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Female Labor Supply: Why Is the United States Falling Behind?

Author

Listed:
  • Francine D. Blau
  • Lawrence M. Kahn

Abstract

In 1990, the US had the sixth highest female labor participation rate among 22 OECD countries. By 2010 its rank had fallen to seventeenth. We find that the expansion of "family-friendly" policies, including parental leave and part-time work entitlements in other OECD countries, explains 29 percent of the decrease in US women's labor force participation relative to these other countries. However, these policies also appear to encourage part-time work and employment in lower level positions: US women are more likely than women in other countries to have full time jobs and to work as managers or professionals.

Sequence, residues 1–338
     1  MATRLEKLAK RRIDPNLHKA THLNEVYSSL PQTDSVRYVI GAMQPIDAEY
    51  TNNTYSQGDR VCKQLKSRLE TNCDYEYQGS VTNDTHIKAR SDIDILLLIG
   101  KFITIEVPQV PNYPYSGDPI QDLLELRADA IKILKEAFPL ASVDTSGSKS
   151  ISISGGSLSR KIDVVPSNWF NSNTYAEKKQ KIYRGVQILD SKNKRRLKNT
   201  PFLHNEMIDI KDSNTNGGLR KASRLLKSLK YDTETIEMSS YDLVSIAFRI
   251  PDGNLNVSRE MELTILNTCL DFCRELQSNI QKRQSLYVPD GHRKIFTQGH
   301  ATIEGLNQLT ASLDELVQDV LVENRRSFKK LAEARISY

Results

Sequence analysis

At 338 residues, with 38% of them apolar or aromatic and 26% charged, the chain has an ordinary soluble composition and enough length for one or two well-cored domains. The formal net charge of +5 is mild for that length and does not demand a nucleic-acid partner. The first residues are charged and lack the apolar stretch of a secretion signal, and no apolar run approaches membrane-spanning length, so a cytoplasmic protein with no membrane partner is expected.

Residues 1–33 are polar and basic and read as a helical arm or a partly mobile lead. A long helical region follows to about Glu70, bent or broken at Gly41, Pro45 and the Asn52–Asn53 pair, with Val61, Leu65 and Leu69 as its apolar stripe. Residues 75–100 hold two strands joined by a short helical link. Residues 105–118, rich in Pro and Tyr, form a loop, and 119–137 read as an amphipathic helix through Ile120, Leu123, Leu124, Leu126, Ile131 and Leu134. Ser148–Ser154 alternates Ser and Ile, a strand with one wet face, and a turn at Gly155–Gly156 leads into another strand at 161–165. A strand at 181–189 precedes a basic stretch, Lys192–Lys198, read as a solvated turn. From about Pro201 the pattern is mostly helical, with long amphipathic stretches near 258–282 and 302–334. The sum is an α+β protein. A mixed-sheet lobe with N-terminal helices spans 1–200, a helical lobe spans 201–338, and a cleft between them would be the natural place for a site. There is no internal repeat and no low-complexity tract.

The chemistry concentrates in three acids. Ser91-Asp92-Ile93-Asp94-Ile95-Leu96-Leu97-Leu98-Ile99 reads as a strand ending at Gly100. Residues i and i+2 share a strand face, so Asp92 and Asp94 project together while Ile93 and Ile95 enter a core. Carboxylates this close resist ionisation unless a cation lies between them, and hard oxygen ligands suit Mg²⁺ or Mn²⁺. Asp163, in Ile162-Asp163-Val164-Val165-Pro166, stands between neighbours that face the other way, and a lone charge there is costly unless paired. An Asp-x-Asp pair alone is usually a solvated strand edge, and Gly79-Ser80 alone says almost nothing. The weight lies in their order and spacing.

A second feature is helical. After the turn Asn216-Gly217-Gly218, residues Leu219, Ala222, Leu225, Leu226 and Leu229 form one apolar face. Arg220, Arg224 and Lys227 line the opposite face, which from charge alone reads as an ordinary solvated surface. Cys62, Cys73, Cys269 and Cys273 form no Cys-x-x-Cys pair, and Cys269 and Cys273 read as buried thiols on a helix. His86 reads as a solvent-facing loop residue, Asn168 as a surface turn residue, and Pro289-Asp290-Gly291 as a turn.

Suggested Citation

  • Francine D. Blau & Lawrence M. Kahn, 2013. "Female Labor Supply: Why Is the United States Falling Behind?," American Economic Review, American Economic Association, vol. 103(3), pages 251-256, May.
  • Handle: RePEc:aea:aecrev:v:103:y:2013:i:3:p:251-56
    Note: DOI: 10.1257/aer.103.3.251
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    More about this item

    JEL classification:

    • J16 - Labor and Demographic Economics - - Demographic Economics - - - Economics of Gender; Non-labor Discrimination
    • J22 - Labor and Demographic Economics - - Demand and Supply of Labor - - - Time Allocation and Labor Supply
    • J32 - Labor and Demographic Economics - - Wages, Compensation, and Labor Costs - - - Nonwage Labor Costs and Benefits; Retirement Plans; Private Pensions

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